There are two distinct and separate ways to create a guardianship through the juvenile court: through the dependency system (like Joseph’s guardianship) and through the delinquency system.6 Prior to October 2006, Kin-GAP eligibility was limited to foster children for whom a guardianship was created through the dependency system. In October 2006, the program was “extended to allow KinGAP benefits to be provided to probation youth in foster care and under the supervision of the juvenile delinquency court” whose guardianships were created through the delinquency system.7
To be eligible to receive Kin-GAP benefits, a child under 18 must meet the following conditions:
- Has been adjudged a dependent child of the juvenile court pursuant to Welfare and Institutions Code § 300, or, effective Oct. 1, 2006, a ward of the juvenile court pursuant to Section 601 or 602.
- Been an eligible child who lived with a relative for at least 12 consecutive months.
- Has had a kinship guardianship with that relative established as the result of the implementation of a permanent plan pursuant to Welfare and Institutions Code § 366.26.
- Has had his or her dependency dismissed after Jan. 1, 2000, pursuant to Section 366.3, or his or her wardship terminated pursuant to subdivision (e) of Section 728, concurrently or subsequently to the establishment of the kinship guardianship. 8
Regardless of how the guardianship is created, once Kin-GAP eligibility is established, the child remains eligible for Kin-GAP benefits until the child turns 18 9 as long as the guardianship remains intact and the child continues to live with the relative guardian.10
The State Fails to Distinguish Between the Two Categories of Children Eligible for Kin-GAP
In their analysis of the law, both the State and Fresno County fail to make the distinction between guardianships established through dependency (via Welf. & Inst. Code §300) and those established through delinquency (via Welf. & Inst. Code §728(d)). Yet this distinction is key to determining a child’s eligibility for benefits after becoming a ward of the court.
The first of the four listed requirements for Kin-GAP eligibility makes clear that there are two different categories of children that may receive Kin-GAP: those who entered the system as foster children (that is, pursuant to Welf. & Inst. Code §300)11 and those who entered the system through delinquency (that is, pursuant to Welf. & Inst. Code §§602). Both of those categories of children must have lived with their relative for 12 months and had a kinship guardianship established (the second and third requirements, respectively).12 The fourth requirement again separates the two categories of children, establishing different eligibility conditions for each:
- For children whose guardianship was created in dependency court, “dependency [must be] dismissed after January 1, 2000, pursuant to Section 366.3, or”13
- For children whose guardianship was created in delinquency court, “their wardship [must have] terminated pursuant to subdivision (e) of Section 728, concurrently or subsequently to the establishment of the kinship guardianship.”14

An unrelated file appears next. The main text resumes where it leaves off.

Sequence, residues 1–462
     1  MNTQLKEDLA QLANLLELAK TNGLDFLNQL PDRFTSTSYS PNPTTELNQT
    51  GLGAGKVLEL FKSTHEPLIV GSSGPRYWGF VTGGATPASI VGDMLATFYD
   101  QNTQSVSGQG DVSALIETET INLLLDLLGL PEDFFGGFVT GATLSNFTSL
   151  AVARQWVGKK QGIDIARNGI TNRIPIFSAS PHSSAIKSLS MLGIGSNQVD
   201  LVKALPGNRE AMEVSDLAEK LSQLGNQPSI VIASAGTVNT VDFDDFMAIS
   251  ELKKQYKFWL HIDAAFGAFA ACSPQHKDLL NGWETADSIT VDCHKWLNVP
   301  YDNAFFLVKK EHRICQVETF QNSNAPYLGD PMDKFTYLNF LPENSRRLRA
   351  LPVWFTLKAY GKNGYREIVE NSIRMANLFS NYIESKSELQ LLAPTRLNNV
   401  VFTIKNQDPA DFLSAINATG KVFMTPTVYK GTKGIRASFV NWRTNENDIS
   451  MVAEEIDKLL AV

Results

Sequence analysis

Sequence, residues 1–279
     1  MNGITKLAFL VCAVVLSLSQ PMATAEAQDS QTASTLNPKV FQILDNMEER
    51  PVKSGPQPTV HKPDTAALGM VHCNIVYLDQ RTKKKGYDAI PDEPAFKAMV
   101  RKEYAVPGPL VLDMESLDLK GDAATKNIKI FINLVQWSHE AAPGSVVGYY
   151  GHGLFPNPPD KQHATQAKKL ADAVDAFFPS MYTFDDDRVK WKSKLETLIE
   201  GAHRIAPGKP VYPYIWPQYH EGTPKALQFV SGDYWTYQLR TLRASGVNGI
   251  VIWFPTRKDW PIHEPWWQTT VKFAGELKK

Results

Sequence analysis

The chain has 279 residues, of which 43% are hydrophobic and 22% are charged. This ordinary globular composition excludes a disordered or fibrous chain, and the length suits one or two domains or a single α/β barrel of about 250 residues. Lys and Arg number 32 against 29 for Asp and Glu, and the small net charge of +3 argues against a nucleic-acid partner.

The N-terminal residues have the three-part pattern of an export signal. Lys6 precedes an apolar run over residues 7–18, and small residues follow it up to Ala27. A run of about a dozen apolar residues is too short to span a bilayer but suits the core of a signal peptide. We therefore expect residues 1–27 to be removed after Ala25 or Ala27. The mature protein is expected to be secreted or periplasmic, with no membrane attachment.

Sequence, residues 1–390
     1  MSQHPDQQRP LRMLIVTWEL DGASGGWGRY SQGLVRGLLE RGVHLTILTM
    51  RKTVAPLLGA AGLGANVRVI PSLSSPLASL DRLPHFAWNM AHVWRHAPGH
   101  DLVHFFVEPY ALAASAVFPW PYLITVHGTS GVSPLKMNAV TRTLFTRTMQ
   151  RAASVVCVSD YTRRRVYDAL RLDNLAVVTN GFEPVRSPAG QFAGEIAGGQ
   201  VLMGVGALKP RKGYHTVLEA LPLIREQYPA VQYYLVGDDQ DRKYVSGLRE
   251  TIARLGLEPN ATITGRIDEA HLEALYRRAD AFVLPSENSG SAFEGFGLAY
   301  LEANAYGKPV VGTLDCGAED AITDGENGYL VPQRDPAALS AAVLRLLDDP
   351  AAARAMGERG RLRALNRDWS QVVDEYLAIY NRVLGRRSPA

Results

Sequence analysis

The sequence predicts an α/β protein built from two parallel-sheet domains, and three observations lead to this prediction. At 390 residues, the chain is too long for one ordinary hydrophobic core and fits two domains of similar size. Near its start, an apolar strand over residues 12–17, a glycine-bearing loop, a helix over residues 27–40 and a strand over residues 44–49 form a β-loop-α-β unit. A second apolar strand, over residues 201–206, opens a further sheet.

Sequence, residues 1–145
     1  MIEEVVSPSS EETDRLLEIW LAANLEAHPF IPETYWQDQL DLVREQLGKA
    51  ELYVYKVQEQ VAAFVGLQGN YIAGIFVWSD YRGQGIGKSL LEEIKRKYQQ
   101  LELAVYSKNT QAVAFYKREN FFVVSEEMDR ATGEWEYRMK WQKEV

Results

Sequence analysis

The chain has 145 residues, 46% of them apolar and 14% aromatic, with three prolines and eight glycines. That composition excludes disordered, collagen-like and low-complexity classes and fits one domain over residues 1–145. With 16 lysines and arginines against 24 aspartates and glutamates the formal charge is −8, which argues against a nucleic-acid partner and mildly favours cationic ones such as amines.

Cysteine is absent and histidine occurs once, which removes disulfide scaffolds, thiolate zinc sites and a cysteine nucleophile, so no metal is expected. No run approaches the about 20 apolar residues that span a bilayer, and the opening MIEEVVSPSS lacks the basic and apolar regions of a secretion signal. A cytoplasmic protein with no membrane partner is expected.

CDSS erroneously decided that the delinquency court must terminate Joseph’s wardship in order for him to receive Kin-GAP. The requirement of a closed delinquency case does not apply to Joseph or other children whose guardianships were created through the dependency court. It only applies to children whose guardianship was created through the delinquency court. Joseph need only demonstrate that his dependency was dismissed pursuant to Welfare and Institutions Code §366.26 – which it was when the court closed his dependency case in 2006 and ordered that his grandmother become his legal guardian.
ACLs Make Clear That 2006 Law Change Does Not Affect Kin-GAP Eligibility for Children Whose Guardianships Were Created Through Dependency Court
Prior to the 2006 change in the law, children who had kinship guardianships established through dependency and then became wards of the delinquency court were not required to have the wardship terminated in order to be eligible for Kin-GAP.15 While the 2006 change created an additional way for youth to gain access to the Kin-GAP program, the legislation and All County Letters (ACLs) are clear that this change was not intended to limit eligibility for children who already had a guardianship through the dependency system. Indeed, the ACL describing the expansion specifically states that the “benefit and funding enhancements did not change the basic KinGap eligibility requirements.”16 That is, the eligibility requirements for children with guardianships through the dependency system (pursuant to Welf. & Inst. Code §366.26) have not changed. In fact, nowhere in the language of the Welfare and Institutions Code, nor in the ACLs, is there any indication that the 2006 expansion of the law affects the population of children who had a relative guardianship established through the dependency system and then subsequently become a ward of the court.
The State’s Interpretation Undermines the Purpose of the Kin-GAP Program
CDSS’s interpretation of the law also contradicts the stated purpose of the Kin-GAP program -- to “enhance family preservation and stability by recognizing that many children are in long-term, stable placements with relatives.”17 According to the State’s position, when a dependency court creates a kinship guardianship for a foster child, the child can receive Kin-GAP benefits, allowing the guardian to care for the child. However, if that same child later comes under juvenile court jurisdiction for a delinquency matter, the delinquency court can place the child with the guardian (ostensibly because he or she is the legal guardian) and expect the same level of care, but the child would no longer receive Kin-GAP benefits. This position unduly punishes both the child and guardian by stripping the family of vital resources even when a court does not alter the guardianship relationship, and in fact orders the child to remain in the guardian’s home. Furthermore, the state’s position will deter relatives from becoming guardians because of the risk of losing all funding if the child becomes involved in the delinquency system at some later point.
The state’s recent interpretation of Kin-GAP eligibility law could be devastating to many former foster youth who have been living in a stable, loving environment through a kinship guardianship established in dependency court. Like Joseph, if any of these children end up in the delinquency system, they are at risk of losing their Kin-GAP benefits. For many kinship guardians, providing a home for their young relatives is a financial struggle – and the loss of Kin-GAP benefits could mean they can no longer provide appropriate care for the child. Like Joseph, these children are more likely to end up in a group home or mental health treatment facility. Such placements come at an enormous financial cost to the county as well as threaten the well-being of the child.